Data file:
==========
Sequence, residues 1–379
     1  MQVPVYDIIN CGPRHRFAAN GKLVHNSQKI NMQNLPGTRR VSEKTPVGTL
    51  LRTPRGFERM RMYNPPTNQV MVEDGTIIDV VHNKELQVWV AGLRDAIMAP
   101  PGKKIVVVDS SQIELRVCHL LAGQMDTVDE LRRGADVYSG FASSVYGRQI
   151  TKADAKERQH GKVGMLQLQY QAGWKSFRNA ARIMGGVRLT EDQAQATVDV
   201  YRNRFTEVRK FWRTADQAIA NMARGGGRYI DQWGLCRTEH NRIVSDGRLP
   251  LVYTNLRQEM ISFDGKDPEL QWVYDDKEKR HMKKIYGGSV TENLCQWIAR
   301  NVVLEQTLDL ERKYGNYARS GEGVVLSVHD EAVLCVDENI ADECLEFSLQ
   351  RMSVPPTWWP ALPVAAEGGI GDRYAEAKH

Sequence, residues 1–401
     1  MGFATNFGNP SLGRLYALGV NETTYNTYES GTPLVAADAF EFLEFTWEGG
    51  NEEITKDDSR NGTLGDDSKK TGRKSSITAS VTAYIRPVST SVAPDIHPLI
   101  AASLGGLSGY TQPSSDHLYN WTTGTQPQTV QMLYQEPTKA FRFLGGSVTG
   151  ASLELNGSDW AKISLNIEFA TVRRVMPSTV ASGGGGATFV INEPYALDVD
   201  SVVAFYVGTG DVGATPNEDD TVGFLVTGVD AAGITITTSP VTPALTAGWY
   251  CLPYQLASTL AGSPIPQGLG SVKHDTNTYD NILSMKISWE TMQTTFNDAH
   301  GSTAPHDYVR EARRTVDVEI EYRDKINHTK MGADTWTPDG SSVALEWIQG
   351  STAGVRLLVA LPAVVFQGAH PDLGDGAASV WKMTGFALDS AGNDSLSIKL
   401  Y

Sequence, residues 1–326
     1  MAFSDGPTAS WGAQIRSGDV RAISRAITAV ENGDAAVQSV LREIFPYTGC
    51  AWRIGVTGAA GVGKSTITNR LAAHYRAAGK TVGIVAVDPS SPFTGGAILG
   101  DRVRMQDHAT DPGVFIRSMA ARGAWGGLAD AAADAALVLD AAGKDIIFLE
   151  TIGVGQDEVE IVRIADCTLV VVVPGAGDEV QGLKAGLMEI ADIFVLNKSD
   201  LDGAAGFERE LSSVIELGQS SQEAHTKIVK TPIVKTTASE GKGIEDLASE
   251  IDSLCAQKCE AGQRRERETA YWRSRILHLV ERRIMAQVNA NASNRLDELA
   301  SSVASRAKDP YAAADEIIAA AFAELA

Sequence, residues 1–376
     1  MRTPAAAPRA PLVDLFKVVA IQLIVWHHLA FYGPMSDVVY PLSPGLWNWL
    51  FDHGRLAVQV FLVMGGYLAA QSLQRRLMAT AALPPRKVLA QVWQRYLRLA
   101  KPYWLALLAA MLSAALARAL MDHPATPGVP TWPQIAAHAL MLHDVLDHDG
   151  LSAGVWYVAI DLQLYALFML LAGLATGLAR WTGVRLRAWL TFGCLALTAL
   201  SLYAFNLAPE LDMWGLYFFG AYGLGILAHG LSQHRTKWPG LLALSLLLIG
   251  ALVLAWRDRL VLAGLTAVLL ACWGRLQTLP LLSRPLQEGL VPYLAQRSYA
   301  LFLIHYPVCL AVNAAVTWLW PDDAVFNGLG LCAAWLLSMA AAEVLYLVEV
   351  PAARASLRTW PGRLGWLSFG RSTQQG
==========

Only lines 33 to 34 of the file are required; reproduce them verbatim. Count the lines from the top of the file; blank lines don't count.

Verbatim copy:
   201  SLYAFNLAPE LDMWGLYFFG AYGLGILAHG LSQHRTKWPG LLALSLLLIG
   251  ALVLAWRDRL VLAGLTAVLL ACWGRLQTLP LLSRPLQEGL VPYLAQRSYA